From my bookshelf
It was a book which had been nestling on the shelf for many years. Finding it aroused memories, and made me think.
The memory was of a brother who loved to take this world's strugglers under his wing. He had given the book to a friend like this, with high hopes, that his 'faith and love for God become as great as that of the man written of in the book'. The book began with the text 'Delight thyself also in the Lord, and he shall give thee the desires of thy heart' (Psalm 37.4). Alas, this hope for his friend was not realised.
The thought which the book provoked concerned the way in which the man who was its subject approached scripture. Approaching the Bible as a student, I myself like to know who wrote each part, to whom it was written, under what circumstances, and what was God's message to the first readers who received it. Another approach to scripture is that of brethren who already know what the Bible teaches, and interpret each text in the light of the idea of God's plans that they have in mind. But in the present case, the man in the book was taking scriptures out of their context, and without any consideration of God's whole purpose, and was applying them personally to himself.
For example, the text "Open thy mouth and I will fill it" (Psalm 81.10) In its context, this is part of God's appeal to stubborn Israel. The Psalm is intended for Temple worship - 'to the Leader', 'according to the Gittith', a psalm of Asaph. Its whole tenor is that the people God has chosen in His purpose and brought safely out of Egypt and whom He was more than willing to help and support, were less than willing to obey Him, let alone 'Sing aloud to God our strength' (v.1).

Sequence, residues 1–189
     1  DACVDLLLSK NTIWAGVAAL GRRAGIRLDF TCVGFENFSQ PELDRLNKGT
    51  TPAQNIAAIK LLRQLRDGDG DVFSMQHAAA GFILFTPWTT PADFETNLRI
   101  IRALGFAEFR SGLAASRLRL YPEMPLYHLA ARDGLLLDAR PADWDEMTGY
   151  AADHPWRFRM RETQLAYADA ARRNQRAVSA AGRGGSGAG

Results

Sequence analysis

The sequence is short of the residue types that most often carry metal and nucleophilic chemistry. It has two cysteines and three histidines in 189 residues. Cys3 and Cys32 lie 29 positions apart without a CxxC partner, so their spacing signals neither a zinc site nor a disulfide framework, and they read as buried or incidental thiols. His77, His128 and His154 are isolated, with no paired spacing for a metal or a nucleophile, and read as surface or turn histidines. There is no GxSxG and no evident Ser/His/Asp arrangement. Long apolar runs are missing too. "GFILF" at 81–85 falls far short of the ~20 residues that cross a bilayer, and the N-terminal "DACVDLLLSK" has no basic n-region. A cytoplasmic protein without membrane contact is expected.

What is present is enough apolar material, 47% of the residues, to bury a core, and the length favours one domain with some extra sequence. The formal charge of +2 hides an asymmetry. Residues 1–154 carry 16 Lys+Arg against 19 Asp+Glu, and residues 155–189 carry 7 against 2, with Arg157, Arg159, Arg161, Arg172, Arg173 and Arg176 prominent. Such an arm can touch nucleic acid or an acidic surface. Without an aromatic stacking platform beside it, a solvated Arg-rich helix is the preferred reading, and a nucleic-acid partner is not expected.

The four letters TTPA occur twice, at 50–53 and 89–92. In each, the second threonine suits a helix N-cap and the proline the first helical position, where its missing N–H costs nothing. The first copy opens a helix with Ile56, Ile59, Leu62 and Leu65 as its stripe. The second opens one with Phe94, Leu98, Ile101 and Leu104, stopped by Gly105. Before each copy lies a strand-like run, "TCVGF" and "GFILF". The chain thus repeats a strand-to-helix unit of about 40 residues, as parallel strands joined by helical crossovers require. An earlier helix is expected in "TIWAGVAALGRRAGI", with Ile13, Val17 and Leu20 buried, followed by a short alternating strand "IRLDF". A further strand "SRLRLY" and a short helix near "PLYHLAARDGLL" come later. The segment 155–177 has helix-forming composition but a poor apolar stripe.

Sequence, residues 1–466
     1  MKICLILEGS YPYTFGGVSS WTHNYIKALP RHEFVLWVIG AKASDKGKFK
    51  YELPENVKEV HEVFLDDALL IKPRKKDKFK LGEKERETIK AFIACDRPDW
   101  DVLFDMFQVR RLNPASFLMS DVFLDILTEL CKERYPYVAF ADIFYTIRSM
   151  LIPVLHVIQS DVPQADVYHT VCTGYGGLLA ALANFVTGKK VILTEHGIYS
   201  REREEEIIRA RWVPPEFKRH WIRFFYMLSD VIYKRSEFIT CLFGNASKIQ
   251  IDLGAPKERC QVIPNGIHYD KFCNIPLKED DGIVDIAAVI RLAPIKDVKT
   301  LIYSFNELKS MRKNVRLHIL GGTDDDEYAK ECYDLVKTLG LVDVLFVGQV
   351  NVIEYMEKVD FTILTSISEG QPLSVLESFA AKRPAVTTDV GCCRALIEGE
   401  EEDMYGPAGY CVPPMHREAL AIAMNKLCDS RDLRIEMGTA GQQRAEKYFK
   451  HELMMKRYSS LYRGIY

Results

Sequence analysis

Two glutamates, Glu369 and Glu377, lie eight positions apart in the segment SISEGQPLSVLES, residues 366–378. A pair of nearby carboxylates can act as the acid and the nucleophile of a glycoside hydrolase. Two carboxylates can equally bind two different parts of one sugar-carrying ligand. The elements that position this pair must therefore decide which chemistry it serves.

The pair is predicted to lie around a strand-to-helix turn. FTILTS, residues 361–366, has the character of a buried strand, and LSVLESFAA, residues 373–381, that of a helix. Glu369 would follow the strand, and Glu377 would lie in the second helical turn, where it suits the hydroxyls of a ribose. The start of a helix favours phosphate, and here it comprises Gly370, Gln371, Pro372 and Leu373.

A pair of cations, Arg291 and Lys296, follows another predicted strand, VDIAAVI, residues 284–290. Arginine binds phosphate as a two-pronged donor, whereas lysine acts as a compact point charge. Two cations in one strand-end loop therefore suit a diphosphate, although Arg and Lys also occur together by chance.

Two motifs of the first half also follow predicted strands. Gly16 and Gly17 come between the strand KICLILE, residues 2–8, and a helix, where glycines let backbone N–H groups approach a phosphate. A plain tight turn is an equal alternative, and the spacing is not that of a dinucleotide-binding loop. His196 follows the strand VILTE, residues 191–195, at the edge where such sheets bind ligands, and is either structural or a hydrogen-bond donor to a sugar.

But George Muller, as he meditated in the Scriptures, and taking this verse personally, was forcibly struck by it. He was already a man of prayer. He had learned to rely on God alone for the needs of his own family. Now, he asked God, in faith, to provide the needs for the establishment of an orphanage—premises, finance, and staff. When God answered this prayer, 'filling' the 'open mouth', it would be proof of His reality and His love.
How God answered prayer then, and all through George Muller's life, is a matter of history.
'George Muller—Delighted in God' by Roger Steer 2nd edition 1981